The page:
12 Answers

+14 votes
Best answer

Gotta agree with Doug here. He was certainly responsible for all those deaths, because he knew what the results of his actions would be. However, a serial killer he was not. His actions do not fit the definition: "serial killer is typically a person who murders three or more people,usually in service of abnormal psychological gratification, with the murders taking place over more than a month and including a significant period of time between them."

As reprehensible as his actions were, he was not a serial kiiller.

by Jim Parish G2G6 Pilot (160k points)
selected by Jill Claus
+5 votes
I can see why this is open to question, but I would have to say 'yes'. It's clear that he was responsible for the death of hundreds of women, and although he was in some ways operating within the law of the time, it appears that he was also extorting money from the towns that he visited. Was he viewed as a serial killer at the time? Unfortunately, no. Viewed from today, yes.
by Ken McEvoy G2G6 (9.5k points)
Must add that ODNB says some 250 people were tried or investigated, at least 100 executed which cannot be interpreted as hundreds of women. Surely we should view him as he was viewed then. Lots of people did believe in and were afraid of witches.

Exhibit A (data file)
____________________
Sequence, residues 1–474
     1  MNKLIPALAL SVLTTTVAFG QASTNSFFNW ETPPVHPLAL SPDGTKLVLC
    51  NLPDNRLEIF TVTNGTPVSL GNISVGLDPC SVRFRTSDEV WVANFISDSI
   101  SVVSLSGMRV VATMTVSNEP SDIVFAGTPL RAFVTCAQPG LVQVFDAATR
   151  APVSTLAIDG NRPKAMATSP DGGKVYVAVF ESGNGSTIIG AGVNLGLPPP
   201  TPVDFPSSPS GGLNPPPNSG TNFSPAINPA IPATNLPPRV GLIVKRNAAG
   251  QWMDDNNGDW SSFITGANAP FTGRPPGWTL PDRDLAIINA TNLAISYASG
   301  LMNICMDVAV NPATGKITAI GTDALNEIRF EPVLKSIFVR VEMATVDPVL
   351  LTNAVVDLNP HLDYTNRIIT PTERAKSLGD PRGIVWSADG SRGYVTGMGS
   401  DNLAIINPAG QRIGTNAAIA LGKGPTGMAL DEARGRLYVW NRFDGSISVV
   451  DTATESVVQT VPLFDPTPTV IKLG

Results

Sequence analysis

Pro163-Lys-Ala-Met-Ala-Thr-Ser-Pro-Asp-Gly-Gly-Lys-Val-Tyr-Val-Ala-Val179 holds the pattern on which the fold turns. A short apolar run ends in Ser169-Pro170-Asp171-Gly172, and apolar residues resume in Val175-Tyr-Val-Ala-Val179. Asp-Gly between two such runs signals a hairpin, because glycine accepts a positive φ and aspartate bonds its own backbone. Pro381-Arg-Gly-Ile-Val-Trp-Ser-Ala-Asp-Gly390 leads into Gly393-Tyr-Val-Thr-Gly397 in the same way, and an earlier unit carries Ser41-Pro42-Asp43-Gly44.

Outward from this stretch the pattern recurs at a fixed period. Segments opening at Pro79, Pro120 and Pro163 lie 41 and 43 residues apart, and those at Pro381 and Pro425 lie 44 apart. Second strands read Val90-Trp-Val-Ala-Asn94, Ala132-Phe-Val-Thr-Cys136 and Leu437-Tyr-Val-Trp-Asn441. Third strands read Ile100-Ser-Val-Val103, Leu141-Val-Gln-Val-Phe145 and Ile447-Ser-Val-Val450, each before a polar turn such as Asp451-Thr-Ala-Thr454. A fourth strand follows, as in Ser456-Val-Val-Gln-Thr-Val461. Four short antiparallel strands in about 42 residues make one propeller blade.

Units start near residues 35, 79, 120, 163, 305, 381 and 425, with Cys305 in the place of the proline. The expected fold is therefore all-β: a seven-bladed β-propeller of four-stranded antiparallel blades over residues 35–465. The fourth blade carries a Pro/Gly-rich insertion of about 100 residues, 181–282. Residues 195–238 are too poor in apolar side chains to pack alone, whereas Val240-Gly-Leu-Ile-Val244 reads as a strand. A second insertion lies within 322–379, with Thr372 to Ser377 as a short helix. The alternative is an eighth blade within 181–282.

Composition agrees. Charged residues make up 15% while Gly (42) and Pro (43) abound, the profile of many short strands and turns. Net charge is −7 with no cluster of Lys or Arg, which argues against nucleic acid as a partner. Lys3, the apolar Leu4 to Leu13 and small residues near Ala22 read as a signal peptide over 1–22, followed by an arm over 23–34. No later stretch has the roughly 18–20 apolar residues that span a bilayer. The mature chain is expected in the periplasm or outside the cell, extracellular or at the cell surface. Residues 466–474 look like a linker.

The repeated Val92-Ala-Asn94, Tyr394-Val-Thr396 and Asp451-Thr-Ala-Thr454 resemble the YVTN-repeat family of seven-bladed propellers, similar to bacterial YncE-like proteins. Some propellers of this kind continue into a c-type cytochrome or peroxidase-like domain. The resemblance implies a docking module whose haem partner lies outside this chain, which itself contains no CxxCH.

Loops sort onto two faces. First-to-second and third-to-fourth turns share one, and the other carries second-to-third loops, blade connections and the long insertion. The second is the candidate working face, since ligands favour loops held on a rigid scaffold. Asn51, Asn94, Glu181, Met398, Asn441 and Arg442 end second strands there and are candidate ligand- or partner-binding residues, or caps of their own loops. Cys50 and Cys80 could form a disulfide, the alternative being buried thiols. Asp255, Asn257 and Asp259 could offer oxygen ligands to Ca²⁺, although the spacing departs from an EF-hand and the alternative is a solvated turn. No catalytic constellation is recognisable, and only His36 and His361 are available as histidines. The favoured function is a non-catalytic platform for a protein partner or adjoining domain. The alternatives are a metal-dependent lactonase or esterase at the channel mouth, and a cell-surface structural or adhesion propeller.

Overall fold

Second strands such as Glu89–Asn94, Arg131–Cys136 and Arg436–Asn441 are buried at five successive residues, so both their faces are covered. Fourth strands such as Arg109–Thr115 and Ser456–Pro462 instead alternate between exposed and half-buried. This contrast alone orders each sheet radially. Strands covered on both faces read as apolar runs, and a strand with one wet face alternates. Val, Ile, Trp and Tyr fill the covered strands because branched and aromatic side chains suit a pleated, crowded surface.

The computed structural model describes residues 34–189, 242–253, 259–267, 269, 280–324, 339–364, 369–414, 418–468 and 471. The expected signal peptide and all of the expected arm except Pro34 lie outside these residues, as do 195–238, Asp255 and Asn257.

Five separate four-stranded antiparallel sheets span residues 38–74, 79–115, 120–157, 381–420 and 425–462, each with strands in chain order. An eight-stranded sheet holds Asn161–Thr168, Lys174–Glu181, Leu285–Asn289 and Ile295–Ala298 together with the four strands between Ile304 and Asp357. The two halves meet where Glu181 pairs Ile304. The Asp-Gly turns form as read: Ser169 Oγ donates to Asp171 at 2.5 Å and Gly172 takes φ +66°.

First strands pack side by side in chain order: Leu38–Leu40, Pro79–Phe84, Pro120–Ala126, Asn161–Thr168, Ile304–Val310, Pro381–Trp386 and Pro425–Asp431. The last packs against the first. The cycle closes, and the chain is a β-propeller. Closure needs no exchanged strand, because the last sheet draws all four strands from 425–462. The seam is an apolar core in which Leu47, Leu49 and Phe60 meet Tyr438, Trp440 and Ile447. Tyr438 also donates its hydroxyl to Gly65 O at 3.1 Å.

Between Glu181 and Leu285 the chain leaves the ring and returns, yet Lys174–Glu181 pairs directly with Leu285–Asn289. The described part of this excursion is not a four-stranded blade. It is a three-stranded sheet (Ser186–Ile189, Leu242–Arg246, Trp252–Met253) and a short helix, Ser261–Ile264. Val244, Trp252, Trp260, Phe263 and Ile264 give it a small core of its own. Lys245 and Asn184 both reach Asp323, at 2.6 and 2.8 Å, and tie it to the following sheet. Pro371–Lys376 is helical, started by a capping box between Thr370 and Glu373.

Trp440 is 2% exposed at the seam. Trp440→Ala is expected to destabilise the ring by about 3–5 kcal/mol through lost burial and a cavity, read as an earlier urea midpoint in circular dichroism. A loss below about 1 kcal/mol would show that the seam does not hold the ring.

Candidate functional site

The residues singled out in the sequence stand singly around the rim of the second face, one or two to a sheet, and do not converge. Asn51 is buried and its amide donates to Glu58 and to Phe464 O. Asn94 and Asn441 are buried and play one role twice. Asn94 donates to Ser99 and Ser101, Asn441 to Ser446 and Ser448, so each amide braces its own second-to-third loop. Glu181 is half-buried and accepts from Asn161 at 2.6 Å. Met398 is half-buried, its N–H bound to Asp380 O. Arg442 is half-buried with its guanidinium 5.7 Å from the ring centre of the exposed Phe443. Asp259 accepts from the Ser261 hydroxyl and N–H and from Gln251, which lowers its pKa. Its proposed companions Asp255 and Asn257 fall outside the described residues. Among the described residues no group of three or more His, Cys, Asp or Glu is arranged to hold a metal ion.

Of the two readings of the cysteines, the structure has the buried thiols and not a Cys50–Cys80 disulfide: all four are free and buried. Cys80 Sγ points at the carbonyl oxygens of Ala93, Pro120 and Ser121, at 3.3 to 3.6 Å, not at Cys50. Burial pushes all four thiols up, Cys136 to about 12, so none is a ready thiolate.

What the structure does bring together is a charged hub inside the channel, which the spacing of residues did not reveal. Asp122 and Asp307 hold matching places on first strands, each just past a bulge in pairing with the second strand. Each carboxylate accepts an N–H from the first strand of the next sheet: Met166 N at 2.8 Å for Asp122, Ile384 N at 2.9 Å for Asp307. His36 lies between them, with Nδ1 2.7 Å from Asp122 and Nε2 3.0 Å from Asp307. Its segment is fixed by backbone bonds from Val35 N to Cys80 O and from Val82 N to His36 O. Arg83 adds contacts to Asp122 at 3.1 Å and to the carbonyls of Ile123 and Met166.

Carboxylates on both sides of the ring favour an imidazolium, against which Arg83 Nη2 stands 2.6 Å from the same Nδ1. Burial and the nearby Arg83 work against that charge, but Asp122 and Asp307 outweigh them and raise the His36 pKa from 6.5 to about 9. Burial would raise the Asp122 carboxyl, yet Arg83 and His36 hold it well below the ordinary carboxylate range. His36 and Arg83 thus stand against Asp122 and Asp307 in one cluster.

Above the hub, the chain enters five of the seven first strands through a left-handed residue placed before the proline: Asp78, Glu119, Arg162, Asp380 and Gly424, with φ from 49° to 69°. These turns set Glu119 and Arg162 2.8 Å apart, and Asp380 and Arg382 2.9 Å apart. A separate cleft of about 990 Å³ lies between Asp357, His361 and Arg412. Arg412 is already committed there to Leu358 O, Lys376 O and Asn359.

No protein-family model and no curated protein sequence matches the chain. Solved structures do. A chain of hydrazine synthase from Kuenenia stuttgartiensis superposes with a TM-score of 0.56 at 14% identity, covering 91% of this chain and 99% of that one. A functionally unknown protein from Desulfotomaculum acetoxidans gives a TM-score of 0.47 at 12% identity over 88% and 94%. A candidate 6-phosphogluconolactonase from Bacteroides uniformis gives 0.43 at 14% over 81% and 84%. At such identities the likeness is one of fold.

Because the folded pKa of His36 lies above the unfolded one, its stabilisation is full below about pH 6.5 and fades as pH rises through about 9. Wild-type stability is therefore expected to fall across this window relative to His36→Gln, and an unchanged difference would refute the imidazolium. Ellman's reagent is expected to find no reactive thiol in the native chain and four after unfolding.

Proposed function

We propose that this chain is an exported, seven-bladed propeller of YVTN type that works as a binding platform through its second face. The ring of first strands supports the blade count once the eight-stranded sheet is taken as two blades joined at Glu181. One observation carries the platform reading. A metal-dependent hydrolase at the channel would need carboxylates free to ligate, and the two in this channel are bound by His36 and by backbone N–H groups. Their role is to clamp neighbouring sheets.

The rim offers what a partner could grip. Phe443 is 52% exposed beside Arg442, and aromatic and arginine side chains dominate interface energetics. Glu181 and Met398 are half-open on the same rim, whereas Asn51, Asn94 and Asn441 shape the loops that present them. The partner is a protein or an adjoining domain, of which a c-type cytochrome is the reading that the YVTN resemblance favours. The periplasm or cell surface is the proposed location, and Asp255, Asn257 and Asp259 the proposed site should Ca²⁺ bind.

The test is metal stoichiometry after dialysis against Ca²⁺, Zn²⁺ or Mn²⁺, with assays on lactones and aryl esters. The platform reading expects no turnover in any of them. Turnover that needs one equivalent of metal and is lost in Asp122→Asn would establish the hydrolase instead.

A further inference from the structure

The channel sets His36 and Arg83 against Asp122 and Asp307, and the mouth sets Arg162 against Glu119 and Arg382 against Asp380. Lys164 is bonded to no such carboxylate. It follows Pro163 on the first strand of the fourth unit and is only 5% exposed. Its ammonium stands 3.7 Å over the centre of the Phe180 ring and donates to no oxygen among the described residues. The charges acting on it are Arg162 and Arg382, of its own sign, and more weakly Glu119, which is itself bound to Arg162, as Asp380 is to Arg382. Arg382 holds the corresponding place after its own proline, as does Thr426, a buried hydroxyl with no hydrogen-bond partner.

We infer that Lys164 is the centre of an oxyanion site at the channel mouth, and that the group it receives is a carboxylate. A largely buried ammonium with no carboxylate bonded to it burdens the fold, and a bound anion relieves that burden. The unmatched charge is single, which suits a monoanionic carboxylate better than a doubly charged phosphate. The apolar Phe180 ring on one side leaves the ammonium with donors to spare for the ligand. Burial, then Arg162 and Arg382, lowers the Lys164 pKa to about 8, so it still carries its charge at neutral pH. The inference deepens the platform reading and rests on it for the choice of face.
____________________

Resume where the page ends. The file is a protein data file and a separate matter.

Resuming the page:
Serial Killer, no.  Though I have not read everything on him, I believe as a Witch Finder, his "evidence" would be used in a trial held by the local legal judge or Justice of the Peace and they would find the guilt or innocence of the accused and would have them hanged as proscribed by law.  Remember, practicing Withcraft at the time was a crime under the law of the land and the punishment was death. Since it seems he did not have a hand in the actual physical deaths of the accused, he cannot be deemed himself a serial killer.  And unfortunately, WT would probably not permit this: Category: Right Awful Rat Bastard.

Actually, he would be said to have been involved in the act genocide, the killing of a large group of people of a specific group.  Probably started out as a true believer in that witches exist and all of his activities seem to have occurred in the Puritan stronghold centered around Essex during the Civil War. Then he probably discovered the value of a good Witch Finder in the local towns were willing to pay, and apparently pay well, for such services.

And yes, his Profile belongs on WT.  Though not from the good branch of the tree, he was a human being and he did live....sadly.
+17 votes

Of course the profile belongs on WT. He was a person and, as such, should be a member of the one tree. Whether he should be classified as a serial killer, that is for others to debate but we do suffer greatly from presentism.